By Maria Carolina Marcello and Anthony Boadle

BRASILIA (Reuters) - A constitutional amendment proposed by interim President Michel Temer to put a ceiling on Brazil's public spending will pass the lower house this year but not the Senate until 2017, lower chamber Speaker Rodrigo Maia said on Wednesday.

The proposed cap is the cornerstone of Temer's strategy to plug a bulging deficit inherited from the Workers Party government of suspended President Dilma Rousseff, yet its impact on fiscal accounts will be delayed until it wins Senate approval next year.

"We must take advantage of the fiscal crisis the Workers Party left behind to show Brazilians what fiscal responsibility means," Maia told Reuters. He said the amendment will be put to a first vote in the House in the second half of October, but said Congress faced a very short legislative year due to October local elections.

Maia said he will make sure of passage this year of another piece of legislation in Temer's plan to pull Brazil from its worst recession since the 1930s - a move to allow a bigger role for private companies in developing vast off-shore oil reserves.

The bill has already cleared the Senate. It would end the obligation that corruption-hit state-led oil giant Petrobras run all new projects and pay 30 percent of the costs of subsalt developments, which the cash-strapped company cannot now afford.

Maia, who took over as speaker after Eduardo Cunha resigned last month in the face of corruption charges, said he will speed up approval of Temer's agenda for economic recovery, including a bill renegotiating the debt of Brazil's states with the federal government that will be put to the vote next Wednesday.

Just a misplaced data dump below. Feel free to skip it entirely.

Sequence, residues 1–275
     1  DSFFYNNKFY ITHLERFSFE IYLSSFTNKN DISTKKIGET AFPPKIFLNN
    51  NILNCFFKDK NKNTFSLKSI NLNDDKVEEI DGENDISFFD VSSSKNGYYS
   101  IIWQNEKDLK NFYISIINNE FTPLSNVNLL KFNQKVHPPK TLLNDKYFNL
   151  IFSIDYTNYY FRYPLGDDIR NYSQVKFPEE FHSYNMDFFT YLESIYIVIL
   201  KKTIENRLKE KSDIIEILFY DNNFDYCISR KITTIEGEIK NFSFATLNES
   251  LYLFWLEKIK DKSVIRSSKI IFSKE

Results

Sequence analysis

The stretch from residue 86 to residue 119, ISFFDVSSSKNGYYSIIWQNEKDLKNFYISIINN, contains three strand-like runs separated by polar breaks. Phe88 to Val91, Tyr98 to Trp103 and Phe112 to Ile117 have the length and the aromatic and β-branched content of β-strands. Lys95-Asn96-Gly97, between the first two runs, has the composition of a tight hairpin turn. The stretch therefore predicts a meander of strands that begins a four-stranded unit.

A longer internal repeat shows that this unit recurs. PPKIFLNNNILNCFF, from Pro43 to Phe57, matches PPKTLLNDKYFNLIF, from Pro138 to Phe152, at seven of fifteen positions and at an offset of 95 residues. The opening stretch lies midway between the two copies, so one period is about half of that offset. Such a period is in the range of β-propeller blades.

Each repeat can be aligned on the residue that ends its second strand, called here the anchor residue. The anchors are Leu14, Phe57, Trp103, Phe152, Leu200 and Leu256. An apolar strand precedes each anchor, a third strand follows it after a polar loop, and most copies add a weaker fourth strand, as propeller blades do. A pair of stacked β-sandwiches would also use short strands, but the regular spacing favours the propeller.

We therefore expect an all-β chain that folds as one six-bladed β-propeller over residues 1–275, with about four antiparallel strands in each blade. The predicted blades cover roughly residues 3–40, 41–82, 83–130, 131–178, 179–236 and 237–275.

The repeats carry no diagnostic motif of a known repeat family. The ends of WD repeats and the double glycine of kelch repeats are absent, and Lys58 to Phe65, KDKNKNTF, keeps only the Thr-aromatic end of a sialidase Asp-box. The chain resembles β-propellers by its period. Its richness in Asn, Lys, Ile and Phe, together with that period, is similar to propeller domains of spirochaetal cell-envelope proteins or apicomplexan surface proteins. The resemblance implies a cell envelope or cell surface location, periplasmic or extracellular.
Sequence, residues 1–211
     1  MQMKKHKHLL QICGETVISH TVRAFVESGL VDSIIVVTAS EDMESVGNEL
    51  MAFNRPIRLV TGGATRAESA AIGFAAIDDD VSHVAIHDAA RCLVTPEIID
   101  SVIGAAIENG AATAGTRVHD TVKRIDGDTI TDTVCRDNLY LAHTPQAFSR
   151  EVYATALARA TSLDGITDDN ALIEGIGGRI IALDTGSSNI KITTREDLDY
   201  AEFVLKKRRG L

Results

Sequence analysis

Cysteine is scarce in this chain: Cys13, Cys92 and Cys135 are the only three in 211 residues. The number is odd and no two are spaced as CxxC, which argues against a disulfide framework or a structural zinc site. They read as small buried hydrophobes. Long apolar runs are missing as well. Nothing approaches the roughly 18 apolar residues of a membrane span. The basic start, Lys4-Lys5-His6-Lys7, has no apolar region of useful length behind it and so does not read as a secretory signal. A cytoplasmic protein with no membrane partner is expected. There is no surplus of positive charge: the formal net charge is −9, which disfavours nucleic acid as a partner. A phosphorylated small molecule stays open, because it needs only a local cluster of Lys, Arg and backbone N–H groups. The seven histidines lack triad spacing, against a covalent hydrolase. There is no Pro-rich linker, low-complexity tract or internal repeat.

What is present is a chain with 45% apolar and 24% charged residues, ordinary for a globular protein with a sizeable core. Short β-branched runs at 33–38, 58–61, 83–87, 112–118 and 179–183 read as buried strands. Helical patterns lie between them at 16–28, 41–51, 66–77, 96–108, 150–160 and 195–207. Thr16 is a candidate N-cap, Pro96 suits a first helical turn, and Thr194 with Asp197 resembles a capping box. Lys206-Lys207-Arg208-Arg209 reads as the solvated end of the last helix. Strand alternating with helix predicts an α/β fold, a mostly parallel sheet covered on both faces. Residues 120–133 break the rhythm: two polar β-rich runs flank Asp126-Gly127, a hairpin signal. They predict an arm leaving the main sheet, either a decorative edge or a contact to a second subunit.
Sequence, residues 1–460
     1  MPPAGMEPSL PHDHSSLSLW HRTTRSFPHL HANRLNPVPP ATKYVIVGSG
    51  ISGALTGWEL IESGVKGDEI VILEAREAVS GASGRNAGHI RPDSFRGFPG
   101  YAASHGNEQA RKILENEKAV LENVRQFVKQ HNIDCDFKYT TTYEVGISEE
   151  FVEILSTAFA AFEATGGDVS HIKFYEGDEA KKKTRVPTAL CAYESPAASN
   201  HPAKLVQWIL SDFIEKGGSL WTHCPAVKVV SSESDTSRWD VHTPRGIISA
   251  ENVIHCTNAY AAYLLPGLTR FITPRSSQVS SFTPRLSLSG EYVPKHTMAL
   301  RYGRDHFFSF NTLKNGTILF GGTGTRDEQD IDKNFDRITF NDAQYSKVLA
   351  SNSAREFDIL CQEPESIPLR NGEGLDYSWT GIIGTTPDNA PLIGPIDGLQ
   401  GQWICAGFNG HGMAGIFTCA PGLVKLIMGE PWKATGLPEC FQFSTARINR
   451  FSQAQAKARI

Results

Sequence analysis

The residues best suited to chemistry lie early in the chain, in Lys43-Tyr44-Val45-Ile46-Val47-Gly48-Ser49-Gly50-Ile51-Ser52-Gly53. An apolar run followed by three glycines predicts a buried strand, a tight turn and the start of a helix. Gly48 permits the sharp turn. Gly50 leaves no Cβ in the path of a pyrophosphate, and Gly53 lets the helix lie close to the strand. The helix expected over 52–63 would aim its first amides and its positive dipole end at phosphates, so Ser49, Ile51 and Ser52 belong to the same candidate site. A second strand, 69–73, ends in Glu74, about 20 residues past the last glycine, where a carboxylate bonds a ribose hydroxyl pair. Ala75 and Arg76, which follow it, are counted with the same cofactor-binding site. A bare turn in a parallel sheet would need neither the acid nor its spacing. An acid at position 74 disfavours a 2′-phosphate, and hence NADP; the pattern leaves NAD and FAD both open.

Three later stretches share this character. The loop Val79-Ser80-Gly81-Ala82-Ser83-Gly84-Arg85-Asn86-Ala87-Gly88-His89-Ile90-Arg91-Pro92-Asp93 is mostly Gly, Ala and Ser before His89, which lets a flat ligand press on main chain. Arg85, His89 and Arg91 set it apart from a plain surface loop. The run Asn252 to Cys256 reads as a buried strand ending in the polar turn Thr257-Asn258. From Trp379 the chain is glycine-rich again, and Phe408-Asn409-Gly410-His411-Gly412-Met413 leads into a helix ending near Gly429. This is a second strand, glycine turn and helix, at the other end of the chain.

A Temer ally, Maia's biggest challenge will be to set a date for the chamber to vote on whether to strip Cunha of his seat, a decision he said will take place within days.

Cunha's critics demand that the discredited lawmaker be barred from politics next week. Temer's government wants a vote postponed because it could imperil his confirmation as president by the Senate, which is expected to remove Rousseff definitively from office in an impeachment trial this month.

Maia said Rousseff's conviction by the Senate for breaking budget rules to boost public spending is all but certain and her return to power out of the question. "An overwhelming majority of Brazilians don't want her back," he said.

(Reporting by Maria Carolina Marcello and Anthony Boadle; Editing by Andrew Hay)